In an effort to better compete against low labor costs in upcoming Asian rivals such as China and India, the Israeli diamond industry has turned to the recruitment of polishers and cutters from the ultra-Orthodox community. VOA reports that the Israel Diamond Manufacturers Association believes ultra-Orthodox Jews are highly suited to the diamond cutting and polishing professions because the flexibility it affords is highly compatible with the demands of their pious lifestyle.
"The profession is fitting," said Burni Traub, president of the Israel Diamond Manufacturers Association. "You deal with the rock, and if you need to go pray, no one will bother you."
Diamond cutting and polishing is a profession on the wane in Israeli, with foreign workers in India and China picking up market share via lower labor costs. The number of cutters and polishers in Israeli has dropped from 20,000 in the eighties to 2,000 at present.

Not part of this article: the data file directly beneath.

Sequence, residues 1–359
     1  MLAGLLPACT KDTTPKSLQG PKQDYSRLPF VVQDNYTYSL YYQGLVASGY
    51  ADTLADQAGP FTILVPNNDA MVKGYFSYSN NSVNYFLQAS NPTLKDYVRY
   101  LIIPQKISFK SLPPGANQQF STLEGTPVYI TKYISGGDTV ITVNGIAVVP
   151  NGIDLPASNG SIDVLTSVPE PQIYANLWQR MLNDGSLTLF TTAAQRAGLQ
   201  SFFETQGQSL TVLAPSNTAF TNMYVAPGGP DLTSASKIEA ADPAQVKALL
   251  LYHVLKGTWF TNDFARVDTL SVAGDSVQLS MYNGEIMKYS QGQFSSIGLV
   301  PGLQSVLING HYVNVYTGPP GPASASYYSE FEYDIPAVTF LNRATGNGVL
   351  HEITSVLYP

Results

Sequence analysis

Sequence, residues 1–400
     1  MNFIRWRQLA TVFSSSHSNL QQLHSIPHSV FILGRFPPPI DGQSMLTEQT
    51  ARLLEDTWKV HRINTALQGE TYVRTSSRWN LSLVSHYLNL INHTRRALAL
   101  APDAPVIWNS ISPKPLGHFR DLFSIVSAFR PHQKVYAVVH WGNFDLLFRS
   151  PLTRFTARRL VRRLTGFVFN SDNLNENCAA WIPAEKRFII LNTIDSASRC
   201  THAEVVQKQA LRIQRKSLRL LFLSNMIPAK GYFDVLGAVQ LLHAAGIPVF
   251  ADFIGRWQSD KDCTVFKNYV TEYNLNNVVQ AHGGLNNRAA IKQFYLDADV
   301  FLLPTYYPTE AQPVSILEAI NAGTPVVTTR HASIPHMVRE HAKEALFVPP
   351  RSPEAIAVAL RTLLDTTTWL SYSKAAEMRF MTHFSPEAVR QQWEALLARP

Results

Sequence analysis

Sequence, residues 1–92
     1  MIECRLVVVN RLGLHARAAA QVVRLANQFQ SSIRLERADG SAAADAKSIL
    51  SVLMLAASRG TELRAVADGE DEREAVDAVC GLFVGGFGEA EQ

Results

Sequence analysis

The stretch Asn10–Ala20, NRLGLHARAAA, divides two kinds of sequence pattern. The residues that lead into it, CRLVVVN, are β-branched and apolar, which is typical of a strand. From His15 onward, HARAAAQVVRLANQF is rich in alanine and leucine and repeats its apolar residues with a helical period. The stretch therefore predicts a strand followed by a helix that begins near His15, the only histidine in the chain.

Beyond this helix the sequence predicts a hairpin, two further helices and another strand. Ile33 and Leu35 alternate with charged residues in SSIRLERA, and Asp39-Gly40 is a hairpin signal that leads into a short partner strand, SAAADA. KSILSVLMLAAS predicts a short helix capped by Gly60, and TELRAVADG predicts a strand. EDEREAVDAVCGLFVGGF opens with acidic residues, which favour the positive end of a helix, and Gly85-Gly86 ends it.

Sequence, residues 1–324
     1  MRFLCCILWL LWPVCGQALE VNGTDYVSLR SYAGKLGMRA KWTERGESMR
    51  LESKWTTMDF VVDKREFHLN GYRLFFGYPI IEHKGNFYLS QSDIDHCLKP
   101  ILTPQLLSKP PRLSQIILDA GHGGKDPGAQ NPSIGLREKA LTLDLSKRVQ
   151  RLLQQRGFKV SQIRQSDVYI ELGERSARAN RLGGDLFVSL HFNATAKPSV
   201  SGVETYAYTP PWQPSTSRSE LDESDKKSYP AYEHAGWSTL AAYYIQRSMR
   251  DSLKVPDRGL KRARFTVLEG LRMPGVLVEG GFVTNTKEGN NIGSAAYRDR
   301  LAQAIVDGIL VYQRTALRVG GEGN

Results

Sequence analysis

While Israel imported $4.4 billion in rough diamonds and exported $7.2 billion in polished diamonds in 2011, only $1.5 billion of the stones were cut and polished locally.
The Israeli government is highly supportive of the diamond industry's plan, hoping to get as many ultra-Orthodox Jews to join the work force as possible. The Haredi, who comprise around 10% of the Israeli population, occupy a distinct niche within society and are often at odds with the nation's secular mainstream. Ultra-orthodox Jews are exempt from military service and less than half of men in the community are formally employed.